Figure 3 is an enlarged detailed fragmentary View, largely in top plan, and taken on the line 3-3 in Figure 2;

Figures 4 and 5 are vertical transverse sectional views, taken on the section lines 4-4 and 5-5 respectively, in Figure 2;

Figure 6 is a longitudinal vertical sectional view of the tube in the portion of this invention hereinafter referred to as the projector means;

Figure 7 is a fragmentary side elevational view of a firearm with the lamp means inserted in the cartridge chamber of a firearm, the barrel of which is shown in longitudinal vertical section; and,

Figure 8 is an enlarged vertical sectional view of the lamp means referred to in the description of the preceding figure.

Similar characters of reference indicate similar or identical parts and portions throughout the specification and throughout the several views of the drawings.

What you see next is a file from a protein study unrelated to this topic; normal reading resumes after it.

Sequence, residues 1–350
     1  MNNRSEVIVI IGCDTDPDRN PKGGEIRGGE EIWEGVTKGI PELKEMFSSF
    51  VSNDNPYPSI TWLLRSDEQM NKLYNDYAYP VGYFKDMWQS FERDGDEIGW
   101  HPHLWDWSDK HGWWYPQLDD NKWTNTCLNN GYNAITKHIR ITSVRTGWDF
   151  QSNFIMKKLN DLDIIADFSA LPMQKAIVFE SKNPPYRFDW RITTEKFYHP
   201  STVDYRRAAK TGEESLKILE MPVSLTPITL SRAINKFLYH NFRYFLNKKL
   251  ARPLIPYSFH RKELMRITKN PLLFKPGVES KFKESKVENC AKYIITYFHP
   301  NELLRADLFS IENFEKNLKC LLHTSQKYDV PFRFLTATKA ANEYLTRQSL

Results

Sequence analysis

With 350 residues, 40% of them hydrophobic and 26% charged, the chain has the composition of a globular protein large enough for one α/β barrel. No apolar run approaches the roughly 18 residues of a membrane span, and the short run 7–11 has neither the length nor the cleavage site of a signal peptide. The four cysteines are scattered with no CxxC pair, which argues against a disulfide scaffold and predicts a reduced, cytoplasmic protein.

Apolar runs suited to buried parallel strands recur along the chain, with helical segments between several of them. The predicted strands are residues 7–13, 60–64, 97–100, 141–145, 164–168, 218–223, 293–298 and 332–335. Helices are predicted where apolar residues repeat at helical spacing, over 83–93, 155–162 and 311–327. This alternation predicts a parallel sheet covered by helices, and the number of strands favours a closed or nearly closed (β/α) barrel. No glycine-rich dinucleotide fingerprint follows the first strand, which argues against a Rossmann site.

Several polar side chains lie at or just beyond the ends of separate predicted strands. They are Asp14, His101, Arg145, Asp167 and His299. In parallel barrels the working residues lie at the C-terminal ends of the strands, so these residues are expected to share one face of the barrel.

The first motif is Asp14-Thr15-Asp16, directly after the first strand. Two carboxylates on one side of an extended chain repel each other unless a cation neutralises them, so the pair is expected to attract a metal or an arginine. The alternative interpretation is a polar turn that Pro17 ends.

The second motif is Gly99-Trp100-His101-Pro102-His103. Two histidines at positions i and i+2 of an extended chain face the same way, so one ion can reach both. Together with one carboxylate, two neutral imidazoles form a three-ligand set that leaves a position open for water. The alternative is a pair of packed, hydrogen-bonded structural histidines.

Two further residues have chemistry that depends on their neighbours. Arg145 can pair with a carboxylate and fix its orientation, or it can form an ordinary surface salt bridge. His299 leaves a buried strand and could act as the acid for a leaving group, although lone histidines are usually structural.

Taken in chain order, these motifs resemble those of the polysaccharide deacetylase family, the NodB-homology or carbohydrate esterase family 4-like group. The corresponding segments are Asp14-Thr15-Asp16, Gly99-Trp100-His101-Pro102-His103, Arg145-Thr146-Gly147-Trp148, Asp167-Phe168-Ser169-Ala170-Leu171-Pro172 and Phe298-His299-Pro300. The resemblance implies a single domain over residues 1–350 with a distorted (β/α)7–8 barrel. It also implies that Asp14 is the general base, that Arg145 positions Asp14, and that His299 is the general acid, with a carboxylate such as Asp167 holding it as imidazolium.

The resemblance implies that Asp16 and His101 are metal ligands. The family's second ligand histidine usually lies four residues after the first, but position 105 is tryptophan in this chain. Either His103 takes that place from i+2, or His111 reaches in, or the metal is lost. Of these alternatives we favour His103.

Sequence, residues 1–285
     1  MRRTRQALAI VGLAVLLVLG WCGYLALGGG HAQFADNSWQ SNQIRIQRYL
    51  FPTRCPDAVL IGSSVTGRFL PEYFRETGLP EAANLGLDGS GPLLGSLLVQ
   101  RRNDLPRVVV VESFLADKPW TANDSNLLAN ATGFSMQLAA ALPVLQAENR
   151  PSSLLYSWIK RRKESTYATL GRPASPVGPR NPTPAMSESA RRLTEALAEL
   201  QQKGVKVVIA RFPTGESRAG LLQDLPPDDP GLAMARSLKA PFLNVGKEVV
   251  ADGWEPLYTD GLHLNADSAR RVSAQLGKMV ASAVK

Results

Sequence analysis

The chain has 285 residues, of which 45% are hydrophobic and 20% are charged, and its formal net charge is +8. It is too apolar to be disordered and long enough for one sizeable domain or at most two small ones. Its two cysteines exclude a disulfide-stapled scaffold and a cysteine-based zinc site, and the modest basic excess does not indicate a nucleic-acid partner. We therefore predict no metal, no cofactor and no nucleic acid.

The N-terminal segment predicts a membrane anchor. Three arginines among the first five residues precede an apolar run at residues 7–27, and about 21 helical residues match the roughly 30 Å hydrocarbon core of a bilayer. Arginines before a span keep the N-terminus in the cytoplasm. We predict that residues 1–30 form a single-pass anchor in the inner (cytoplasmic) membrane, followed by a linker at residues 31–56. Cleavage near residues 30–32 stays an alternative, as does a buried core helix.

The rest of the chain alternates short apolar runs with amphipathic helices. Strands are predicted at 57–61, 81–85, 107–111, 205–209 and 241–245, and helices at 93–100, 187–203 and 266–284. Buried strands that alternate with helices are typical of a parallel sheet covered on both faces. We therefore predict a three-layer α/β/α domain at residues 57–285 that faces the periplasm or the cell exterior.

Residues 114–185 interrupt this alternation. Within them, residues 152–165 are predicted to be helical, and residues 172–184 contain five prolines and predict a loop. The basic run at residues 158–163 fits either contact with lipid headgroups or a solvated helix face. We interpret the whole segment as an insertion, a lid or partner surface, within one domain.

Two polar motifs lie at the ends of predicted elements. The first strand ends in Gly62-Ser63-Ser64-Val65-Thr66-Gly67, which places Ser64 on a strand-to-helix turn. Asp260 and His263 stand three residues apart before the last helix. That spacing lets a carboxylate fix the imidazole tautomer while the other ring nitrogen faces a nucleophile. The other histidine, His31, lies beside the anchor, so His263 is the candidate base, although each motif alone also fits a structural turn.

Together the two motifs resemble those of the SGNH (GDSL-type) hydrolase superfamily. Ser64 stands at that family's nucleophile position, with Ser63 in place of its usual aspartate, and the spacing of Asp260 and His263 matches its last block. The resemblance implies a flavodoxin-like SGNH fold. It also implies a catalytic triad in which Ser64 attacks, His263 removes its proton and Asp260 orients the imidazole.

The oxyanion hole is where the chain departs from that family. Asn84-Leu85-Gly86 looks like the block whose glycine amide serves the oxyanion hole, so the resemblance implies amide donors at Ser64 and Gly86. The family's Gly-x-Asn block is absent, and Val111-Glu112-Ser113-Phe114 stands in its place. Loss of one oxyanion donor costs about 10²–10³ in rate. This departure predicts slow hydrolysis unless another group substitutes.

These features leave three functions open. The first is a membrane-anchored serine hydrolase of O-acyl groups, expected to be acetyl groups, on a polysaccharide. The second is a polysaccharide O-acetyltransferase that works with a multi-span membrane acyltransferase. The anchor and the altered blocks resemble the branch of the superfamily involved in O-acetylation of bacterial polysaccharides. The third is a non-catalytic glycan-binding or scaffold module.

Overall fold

Referring now to the drawings in detail, it will be noted that this invention is adapted to be used in connection with an environment including a firearm represented by the shotgun generally indicated by the numeral 10, having a barrel I2, a stock [4, a trigger I6, and a trigger guard l8, as well as a firing pin 20 which is indicated in Figure 7. The environment wherewith this invention will be used also includes, as indicated above, in the description of the primary object of this invention, a complement of gunsmiths accessories enabling the fitting of the gun to the individual user, after the faults of his aim are determined by the use of this invention thls further environment not being illustrated in the drawings. The parts of the gun may, however, be considered as parts of the combination comprising this invention, inasmuch as the lamp means, generally indicated by the numeral 22 and illustrated in detail in Figure 8, 5 cooperates with the gun barrel l2, the firing pin and other parts of the gun in the operation of this invention.